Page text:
Linux for Starters

Linux for Starters: Your Guide to Linux – Running VirtualBox – Part 20

Power on the Virtual Machine

Let’s start up the guest machine.

VirtualBox - Set Start Up Disk

Click the little folder icon, and add the openSUSE ISO file you downloaded. We point our virtual CD/DVD drive to the ISO file containing the installer for openSUSE.

VirtualBox - Optical Disk Selector

Click Choose.

VirtualBox - Optical Disk Selector

Click the Start button.

openSUSE Leap starts and installation will proceed as if it was being installed to a fresh machine.

The Linux kernel will load, and you’ll be taken through various preparatory steps. For example, you’ll be prompted to define the language, keyboard language, and accept the openSUSE license agreement. Next you’ll be asked if you want to activate online repositories. Click Yes followed by Next.

You’ll also be asked to select a System Role.

openSUSE has the following roles: Desktop with KDE Plasma, Desktop with GNOME, Desktop with Xfce, Generic Desktop, Server, or Transactional Server. Pick a System Role, then press Next, followed by Next.

We then need to set the Region and Timezone, create a new user, and finalise the installation. All the packages will now be installed.

VirtualBox - openSUSE installing

Once the installation is complete, the virtual machine will boot. Once running, the guest machine functions in exactly the same way the host machine runs.


Page 6 – Guest Additions

Pages in this article:
Page 1 – Introduction / Set up host machine
Page 2 – Download Guest OS / Install VirtualBox
Page 3 – Create New Virtual Machine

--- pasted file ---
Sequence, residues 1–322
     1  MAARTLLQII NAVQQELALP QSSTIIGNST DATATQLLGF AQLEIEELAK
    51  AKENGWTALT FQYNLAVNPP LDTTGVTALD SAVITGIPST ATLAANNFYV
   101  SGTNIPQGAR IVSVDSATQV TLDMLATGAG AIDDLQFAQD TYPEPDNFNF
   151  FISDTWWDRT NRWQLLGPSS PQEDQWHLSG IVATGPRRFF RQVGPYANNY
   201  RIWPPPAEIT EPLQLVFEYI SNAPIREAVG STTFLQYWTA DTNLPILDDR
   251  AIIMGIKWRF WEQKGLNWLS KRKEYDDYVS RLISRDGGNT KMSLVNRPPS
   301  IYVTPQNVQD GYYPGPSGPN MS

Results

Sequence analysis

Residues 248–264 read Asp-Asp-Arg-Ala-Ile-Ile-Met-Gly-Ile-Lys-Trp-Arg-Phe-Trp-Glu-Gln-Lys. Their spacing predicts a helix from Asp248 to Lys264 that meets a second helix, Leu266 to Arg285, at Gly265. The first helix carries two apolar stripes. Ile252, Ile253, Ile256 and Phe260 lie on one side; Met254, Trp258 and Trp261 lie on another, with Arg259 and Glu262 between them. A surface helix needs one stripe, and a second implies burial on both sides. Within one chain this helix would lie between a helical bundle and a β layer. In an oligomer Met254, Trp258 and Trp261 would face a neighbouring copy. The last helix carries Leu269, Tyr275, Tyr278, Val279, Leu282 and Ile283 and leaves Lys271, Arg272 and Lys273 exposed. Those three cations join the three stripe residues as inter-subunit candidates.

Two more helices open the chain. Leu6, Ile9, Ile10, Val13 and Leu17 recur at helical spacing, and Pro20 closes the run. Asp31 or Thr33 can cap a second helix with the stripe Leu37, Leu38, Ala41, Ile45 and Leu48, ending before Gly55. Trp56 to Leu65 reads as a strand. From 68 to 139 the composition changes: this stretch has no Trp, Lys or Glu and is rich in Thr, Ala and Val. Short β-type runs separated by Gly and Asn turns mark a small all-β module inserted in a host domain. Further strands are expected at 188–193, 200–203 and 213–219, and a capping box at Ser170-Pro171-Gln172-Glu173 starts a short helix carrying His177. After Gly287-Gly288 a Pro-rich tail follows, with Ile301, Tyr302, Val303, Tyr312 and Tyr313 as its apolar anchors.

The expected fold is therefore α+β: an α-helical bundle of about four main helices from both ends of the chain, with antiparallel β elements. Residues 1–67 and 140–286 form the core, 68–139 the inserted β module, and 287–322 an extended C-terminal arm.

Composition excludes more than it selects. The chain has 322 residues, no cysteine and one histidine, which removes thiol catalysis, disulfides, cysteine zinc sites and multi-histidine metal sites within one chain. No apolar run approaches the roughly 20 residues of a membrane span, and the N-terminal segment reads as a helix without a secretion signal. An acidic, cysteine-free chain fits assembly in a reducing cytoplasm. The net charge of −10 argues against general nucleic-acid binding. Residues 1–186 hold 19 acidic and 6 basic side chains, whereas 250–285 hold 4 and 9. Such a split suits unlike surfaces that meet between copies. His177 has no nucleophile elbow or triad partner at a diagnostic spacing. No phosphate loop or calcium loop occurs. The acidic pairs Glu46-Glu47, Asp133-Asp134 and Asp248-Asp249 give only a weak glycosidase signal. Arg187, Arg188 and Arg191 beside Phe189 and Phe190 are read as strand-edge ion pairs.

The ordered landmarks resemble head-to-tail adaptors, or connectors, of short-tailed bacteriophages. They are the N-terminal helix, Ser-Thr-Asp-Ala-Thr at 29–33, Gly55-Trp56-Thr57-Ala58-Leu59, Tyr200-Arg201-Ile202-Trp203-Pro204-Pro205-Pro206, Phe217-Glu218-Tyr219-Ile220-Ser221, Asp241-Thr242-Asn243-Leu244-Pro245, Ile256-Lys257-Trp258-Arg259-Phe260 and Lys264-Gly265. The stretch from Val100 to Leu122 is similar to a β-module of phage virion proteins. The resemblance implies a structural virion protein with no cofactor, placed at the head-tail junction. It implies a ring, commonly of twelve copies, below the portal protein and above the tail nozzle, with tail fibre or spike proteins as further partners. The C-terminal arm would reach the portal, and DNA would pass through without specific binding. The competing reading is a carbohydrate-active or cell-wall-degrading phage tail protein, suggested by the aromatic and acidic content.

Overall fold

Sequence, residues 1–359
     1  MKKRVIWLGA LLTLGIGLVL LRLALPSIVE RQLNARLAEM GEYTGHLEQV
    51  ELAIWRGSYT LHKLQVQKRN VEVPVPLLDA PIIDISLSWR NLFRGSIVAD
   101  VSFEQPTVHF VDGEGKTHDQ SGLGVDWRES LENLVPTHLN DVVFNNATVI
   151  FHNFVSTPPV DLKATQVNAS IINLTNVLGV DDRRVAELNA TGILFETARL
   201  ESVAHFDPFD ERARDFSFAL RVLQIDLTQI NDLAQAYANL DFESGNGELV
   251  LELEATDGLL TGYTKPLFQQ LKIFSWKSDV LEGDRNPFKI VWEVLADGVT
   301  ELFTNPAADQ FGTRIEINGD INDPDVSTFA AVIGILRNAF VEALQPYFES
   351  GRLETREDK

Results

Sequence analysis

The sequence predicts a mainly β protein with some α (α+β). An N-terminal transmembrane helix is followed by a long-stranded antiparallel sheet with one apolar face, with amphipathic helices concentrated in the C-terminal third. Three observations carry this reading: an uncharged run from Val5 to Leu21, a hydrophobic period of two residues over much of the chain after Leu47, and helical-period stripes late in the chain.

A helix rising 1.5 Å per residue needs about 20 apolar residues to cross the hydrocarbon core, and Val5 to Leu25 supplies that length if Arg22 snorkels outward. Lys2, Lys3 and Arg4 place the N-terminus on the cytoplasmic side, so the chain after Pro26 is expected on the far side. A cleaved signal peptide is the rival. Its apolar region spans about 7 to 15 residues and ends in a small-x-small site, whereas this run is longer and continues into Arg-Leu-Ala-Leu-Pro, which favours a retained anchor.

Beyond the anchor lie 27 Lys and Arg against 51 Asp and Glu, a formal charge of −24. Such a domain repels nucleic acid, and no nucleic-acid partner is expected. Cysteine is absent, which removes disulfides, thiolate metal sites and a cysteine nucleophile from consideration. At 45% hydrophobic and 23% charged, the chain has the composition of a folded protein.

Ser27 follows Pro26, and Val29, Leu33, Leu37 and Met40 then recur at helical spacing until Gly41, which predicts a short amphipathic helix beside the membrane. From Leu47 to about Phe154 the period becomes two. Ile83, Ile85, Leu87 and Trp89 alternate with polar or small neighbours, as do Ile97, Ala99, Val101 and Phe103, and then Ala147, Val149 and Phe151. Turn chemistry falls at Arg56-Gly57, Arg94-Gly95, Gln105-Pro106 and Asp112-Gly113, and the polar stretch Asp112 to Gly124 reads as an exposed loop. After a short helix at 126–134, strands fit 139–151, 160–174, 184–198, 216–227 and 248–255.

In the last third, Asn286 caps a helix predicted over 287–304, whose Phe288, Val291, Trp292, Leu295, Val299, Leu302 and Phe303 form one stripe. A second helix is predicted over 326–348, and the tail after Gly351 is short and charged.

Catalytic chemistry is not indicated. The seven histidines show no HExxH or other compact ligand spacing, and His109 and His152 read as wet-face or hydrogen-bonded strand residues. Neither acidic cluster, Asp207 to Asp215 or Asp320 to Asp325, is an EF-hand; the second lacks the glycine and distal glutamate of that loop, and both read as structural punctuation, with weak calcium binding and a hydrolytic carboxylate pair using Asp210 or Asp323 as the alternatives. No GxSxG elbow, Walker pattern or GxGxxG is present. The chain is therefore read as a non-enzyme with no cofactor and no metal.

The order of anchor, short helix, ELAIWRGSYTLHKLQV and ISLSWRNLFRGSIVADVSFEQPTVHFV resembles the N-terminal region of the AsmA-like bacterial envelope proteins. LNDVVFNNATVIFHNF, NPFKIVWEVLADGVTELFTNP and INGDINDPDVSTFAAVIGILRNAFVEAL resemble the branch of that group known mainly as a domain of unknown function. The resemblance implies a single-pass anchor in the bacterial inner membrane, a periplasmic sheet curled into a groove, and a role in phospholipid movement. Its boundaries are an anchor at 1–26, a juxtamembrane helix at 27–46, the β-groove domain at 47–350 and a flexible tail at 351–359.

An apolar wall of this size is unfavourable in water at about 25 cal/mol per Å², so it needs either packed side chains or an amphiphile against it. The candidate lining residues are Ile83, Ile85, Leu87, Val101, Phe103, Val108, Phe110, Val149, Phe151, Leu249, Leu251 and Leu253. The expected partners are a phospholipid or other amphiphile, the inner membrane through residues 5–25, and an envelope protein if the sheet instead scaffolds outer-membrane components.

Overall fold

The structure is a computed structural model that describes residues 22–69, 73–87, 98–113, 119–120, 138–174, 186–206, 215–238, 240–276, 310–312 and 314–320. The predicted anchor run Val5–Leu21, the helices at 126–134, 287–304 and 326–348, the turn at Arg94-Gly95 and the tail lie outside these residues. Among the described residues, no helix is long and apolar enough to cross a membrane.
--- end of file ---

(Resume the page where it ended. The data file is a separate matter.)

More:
Page 4 – Settings
Page 5 – Power on the Virtual Machine
Page 6 – Guest Additions
Page 7 – Snapshots & Cloning


All articles in this series:

Linux For Starters: Your Guide to Linux
Part 1What is Linux? Why use Linux? What do I need?
Part 2Choose a Linux distribution meeting your specific needs and requirements.
Part 3Make a bootable Ubuntu USB stick in Windows.
Part 4We show you how to install Ubuntu 21.04 on your hard disk.
Part 5Things to do after installing Ubuntu.
Part 6Navigating your way around the Desktop.
Part 7Updating the system, install new software.
Part 8Open source replacements for proprietary Windows desktop software.
Part 9Get started with the power and flexibility of the terminal.
Part 10We cover the basics of files and permissions.
Part 11Getting help from your system.
Part 12Learn all about the file system.
Part 13Manipulating files from the shell.
Part 14Maintain your system with these simple tips.
Part 15Managing users on your system.
Part 16Explore different desktops to GNOME 3.
Part 17Gaming on Linux.
Part 18Protect your privacy with this guide.
Part 19Access the Windows desktop from Linux using a remote desktop client.
Part 20Set up a virtual machine running Ubuntu as the host and openSUSE as the guest.
Part 21Wine lets you run Windows programs on Linux without emulation.
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2 comments

    1. I don’t think there’s a way without trying a distro for yourself. Maybe Oracle should make this type of information available

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